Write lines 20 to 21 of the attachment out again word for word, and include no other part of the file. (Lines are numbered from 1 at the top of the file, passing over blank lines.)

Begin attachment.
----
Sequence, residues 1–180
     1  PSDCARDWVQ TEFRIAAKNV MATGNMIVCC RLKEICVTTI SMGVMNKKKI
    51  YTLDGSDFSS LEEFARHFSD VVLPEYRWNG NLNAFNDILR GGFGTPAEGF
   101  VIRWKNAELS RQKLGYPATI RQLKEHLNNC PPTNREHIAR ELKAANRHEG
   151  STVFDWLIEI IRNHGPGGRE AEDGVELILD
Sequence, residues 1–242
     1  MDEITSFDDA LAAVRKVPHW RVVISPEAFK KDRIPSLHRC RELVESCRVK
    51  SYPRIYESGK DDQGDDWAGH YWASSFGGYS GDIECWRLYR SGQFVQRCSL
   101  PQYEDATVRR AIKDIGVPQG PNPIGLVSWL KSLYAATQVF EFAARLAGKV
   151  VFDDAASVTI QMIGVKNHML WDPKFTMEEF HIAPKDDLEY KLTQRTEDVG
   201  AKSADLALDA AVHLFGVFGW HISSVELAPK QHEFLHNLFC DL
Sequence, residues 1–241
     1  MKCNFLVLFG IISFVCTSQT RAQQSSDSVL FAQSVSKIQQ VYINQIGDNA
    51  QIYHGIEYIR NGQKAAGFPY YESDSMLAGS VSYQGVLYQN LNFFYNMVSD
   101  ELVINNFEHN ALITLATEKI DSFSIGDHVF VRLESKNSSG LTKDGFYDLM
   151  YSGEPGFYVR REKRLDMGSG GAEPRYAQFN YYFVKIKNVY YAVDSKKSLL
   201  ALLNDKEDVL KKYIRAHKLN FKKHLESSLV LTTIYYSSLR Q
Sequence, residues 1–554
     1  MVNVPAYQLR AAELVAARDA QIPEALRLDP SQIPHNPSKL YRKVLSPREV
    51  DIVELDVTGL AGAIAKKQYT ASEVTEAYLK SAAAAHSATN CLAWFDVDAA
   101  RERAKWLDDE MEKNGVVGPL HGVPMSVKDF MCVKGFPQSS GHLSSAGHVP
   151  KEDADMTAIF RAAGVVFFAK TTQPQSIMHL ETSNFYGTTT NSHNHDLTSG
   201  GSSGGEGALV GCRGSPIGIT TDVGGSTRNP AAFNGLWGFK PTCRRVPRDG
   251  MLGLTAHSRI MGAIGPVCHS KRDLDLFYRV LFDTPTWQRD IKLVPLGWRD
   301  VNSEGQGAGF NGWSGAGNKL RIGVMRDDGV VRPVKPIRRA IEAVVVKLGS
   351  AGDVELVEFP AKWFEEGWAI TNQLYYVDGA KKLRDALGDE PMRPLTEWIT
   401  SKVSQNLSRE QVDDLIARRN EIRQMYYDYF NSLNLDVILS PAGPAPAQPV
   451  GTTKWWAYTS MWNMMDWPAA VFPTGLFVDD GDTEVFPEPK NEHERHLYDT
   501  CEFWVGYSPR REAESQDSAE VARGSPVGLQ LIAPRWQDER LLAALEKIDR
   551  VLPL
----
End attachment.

    51  DIVELDVTGL AGAIAKKQYT ASEVTEAYLK SAAAAHSATN CLAWFDVDAA
   101  RERAKWLDDE MEKNGVVGPL HGVPMSVKDF MCVKGFPQSS GHLSSAGHVP